£12.8m funding announced to speed up Dungeness A decommissioning
Dungeness A is to receive £12.8m over the next three years to speed up decommissioning and demolition work at the former nuclear power station.
The Nuclear Decommissioning Authority (NDA) Chief Finance Officer, David Batters, made the announcement during a visit to the site on Romney Marsh in Kent to see decommissioning progress first-hand and to take a look at the areas of the site that will be cleared as a result of the work.
Also taking part in the visit were NDA Chief Executive, John Clarke, NDA Head of Programmes for Magnox and RSRL, Brian Burnett, and Non Executive Directors, Murray Easton and Chris Fenton.
The extra funding will allow the south side of the site to be cleared in around three years, rather than in 15 years as originally planned, providing a jobs-boost to the local economy and reducing the overall cost of the project. The skyline of the site will be transformed dramatically as the 26-metre tall turbine halls are set to be demolished.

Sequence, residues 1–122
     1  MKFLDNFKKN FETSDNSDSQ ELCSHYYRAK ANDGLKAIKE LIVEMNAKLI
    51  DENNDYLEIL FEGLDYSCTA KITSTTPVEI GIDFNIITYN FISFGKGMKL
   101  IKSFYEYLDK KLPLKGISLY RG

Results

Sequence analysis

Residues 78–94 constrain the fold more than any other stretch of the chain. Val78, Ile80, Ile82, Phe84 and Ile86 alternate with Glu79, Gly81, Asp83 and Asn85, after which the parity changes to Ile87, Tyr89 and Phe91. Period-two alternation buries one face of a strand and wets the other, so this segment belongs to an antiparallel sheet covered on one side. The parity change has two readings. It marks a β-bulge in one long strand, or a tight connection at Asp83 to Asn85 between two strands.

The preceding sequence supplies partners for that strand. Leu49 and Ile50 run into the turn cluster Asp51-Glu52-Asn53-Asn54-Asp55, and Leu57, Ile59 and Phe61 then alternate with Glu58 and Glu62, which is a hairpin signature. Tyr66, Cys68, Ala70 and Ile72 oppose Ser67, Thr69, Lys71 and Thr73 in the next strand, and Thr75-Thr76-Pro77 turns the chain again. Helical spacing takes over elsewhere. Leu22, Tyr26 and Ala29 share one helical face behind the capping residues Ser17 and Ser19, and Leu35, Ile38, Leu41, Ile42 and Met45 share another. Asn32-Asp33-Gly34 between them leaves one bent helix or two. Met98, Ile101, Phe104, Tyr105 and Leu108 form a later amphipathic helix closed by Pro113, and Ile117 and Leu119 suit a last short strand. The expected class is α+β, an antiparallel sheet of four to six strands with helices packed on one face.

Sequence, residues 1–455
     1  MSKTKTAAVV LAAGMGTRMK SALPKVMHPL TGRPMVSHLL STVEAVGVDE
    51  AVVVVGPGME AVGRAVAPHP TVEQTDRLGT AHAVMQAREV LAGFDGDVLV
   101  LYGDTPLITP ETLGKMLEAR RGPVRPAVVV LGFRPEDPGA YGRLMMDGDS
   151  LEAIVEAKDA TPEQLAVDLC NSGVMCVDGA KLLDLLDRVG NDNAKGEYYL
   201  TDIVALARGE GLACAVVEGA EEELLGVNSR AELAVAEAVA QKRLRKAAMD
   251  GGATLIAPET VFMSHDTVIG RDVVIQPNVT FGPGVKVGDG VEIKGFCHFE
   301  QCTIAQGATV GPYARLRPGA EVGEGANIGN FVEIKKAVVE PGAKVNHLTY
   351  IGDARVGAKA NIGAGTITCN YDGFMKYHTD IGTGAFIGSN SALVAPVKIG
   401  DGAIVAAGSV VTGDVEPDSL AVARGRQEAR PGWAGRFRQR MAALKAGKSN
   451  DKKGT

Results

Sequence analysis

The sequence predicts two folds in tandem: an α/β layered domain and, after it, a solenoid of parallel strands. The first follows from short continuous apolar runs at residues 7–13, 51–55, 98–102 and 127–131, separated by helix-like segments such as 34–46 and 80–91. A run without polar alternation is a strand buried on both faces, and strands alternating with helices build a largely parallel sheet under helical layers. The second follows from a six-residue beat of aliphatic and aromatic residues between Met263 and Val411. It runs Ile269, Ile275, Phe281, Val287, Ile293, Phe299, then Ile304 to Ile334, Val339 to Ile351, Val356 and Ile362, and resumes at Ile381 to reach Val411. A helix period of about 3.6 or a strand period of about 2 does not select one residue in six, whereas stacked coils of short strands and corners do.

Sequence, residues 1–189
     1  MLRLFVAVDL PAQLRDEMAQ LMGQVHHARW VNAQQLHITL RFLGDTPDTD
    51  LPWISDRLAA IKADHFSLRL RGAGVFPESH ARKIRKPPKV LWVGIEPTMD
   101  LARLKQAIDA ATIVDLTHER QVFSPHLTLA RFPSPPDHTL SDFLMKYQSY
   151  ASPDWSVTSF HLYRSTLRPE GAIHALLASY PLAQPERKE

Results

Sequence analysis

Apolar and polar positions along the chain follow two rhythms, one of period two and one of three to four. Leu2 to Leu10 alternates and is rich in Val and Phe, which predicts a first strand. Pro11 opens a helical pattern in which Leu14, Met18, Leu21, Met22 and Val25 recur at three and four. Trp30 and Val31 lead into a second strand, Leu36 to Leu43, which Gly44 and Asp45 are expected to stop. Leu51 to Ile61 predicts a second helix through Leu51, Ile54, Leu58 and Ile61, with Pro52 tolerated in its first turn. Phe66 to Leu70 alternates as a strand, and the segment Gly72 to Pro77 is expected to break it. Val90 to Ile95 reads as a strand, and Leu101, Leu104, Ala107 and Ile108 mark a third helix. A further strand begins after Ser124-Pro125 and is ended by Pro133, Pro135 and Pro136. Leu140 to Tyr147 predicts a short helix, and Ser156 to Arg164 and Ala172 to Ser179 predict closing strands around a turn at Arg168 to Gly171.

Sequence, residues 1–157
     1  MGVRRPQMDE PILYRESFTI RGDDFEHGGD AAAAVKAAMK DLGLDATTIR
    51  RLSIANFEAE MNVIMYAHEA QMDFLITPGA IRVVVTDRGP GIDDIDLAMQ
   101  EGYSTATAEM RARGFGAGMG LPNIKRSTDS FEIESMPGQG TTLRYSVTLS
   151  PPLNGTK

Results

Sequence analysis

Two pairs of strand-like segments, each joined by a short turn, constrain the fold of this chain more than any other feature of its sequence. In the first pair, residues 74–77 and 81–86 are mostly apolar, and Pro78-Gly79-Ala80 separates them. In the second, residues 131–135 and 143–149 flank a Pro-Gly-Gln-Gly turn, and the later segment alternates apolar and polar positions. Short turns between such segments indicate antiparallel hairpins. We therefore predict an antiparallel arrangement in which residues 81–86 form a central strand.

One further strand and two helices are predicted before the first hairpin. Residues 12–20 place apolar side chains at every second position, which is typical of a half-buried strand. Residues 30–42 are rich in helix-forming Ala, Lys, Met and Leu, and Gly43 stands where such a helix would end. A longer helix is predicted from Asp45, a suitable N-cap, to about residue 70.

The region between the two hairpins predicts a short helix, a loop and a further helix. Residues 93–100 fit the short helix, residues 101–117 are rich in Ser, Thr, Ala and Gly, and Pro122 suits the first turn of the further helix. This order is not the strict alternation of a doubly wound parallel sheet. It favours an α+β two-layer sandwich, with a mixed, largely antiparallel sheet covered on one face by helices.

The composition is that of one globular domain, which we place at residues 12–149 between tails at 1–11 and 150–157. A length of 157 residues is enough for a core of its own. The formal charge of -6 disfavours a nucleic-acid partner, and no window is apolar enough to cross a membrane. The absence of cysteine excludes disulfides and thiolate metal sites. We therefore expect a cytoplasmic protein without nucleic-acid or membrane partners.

David Batters said:
“The accelerated demolition work will deliver significant major savings in the long term, while demonstrating visible progress in decommissioning the site.”
Dungeness A Site Director, Ray Jepps, said:
“The additional funding is excellent news for Dungeness A and the local area, as it enables us to complete another milestone project along the site’s journey towards care and maintenance and hazard reduction.
“At its peak, the work will create an additional 70 jobs and will secure employment for a number of staff at the site – for the duration for the project.”
Further potential savings are likely to be made through the sale of scrap metal and by avoiding the need for ongoing maintenance work on the ageing building, resulting in a cumulative saving of £15m compared with the current plan.
Magnox Ltd, the Site Licence Company (SLC) that operates Dungeness A, recently awarded a Framework Contract worth £304m for deplanting, demolition and bulk asbestos removal across the 10 nuclear Magnox reactor sites.
This optimised approach to decommissioning is expected to save the UK taxpayer more than £1.3 billion.